Here is the important thing: Within the "paying for TV" ecosystem" MultiChoice wants to control what we call the user experience or the consumer relationship, while the individual streaming service gets the scale - the access to the large group of consumers.

In other words, and again using Sunlight in Pick n Pay: MultiChoice provides and controls the shopping experience and provides the aisle, the shelf (display), the discount or promo and makes it all feel clean, safe and desirable to go there, while the manufacturer of the specific product gets access to a large consumer group and gets to sell more of that product (scale).

Add-ons to take and drop
The link-up between traditional pay-TV operators and video streaming services are win-win for both, which is why operators from Comcast in America, to Sky in the United Kingdom, Canal+ in France and many others who have already added Netflix, HBO Max, Disney+ and other streamers, are racing to tie up more deals with more so-called over-the-top (OTT) services.

These OTT players are what we call "additive".

They don't and can't replace the traditional pay-TV experience, especially when it comes to live sports, news and other so-called "appointment television" that large groups of people watch at the same time, but they "add" more premium and unique content to the overall TV ecosystem - content that viewers want to dip in- and out of.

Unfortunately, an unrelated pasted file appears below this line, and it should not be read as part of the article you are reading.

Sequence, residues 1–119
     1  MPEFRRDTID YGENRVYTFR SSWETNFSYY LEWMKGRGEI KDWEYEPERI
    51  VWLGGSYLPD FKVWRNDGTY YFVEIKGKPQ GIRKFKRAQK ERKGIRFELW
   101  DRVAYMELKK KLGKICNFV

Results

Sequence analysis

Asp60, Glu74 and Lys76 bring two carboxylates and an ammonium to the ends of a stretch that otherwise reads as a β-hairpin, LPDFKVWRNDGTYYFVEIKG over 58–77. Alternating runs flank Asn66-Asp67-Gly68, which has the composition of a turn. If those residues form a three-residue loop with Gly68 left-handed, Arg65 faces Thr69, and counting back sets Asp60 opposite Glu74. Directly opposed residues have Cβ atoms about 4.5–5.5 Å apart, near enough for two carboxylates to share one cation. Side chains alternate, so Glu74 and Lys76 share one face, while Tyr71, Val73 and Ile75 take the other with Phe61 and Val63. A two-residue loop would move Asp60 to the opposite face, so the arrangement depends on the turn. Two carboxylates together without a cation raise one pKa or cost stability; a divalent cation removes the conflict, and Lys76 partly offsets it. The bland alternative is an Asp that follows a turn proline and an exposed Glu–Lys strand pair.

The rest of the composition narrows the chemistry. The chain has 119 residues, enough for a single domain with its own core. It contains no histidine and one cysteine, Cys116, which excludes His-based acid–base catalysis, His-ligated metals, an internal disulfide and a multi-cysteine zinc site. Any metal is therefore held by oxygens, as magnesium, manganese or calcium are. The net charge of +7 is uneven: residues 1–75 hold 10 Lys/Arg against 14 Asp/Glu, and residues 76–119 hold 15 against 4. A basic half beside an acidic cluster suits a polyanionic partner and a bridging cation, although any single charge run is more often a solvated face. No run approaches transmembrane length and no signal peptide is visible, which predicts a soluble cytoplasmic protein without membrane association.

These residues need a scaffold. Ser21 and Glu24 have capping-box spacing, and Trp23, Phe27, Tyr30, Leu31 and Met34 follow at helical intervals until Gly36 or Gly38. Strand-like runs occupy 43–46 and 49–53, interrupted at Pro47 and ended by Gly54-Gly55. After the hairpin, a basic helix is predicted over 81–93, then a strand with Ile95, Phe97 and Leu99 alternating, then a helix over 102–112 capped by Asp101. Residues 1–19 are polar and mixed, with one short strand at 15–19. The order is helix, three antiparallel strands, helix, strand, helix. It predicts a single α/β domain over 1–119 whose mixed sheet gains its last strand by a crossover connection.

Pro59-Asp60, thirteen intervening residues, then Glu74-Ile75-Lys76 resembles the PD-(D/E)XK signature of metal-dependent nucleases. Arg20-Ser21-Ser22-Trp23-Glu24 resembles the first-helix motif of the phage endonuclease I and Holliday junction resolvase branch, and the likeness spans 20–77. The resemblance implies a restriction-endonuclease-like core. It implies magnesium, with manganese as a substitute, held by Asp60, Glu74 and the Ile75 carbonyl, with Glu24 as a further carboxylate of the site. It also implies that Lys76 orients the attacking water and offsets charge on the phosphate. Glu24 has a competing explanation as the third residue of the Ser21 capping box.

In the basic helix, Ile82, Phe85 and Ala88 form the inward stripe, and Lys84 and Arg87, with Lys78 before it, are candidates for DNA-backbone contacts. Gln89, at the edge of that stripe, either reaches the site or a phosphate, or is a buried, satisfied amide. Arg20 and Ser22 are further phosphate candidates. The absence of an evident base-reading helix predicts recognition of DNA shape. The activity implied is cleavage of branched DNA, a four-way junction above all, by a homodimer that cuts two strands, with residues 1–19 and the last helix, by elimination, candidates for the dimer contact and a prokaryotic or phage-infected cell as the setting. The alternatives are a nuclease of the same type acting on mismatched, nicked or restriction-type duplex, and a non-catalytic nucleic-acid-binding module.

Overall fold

For the traditional pay-TV operator that has millions of existing subscribers it works to add video streamers because it means the subscriber stays on their platform and continues to flick through their carousel, their user interface and through that pick and choose content to engage with.

Besides rich viewer behaviour data and a cut of the income depending on the individual distributor deal, the pay-TV operator also manages, maintains and keeps the primary viewer experience.

The video streamer also wins and gets access to scale - the millions of people who might sample and sign up and use the service, thereby increasing their revenue and their individual subscriber numbers.

What happens now is that a traditional pay-TV subscribers - just like with a cellphone bill - will choose and add on a monthly basis one or more specific streamers just like with a call-minutes or a data bundle. At the end of the month they pay just one amount going off the bank account, instead of three or four.

Subscribers, in this case a DStv subscriber, will choose Netflix for example, binge-watch a specific buzz-worthy series they've heard about through content discovery, and then unsubscribe. They might also decide to stay subscribed, or even forget to unsubscribe (passive income) - meaning more revenue for both pay-TV operator and the OTT player.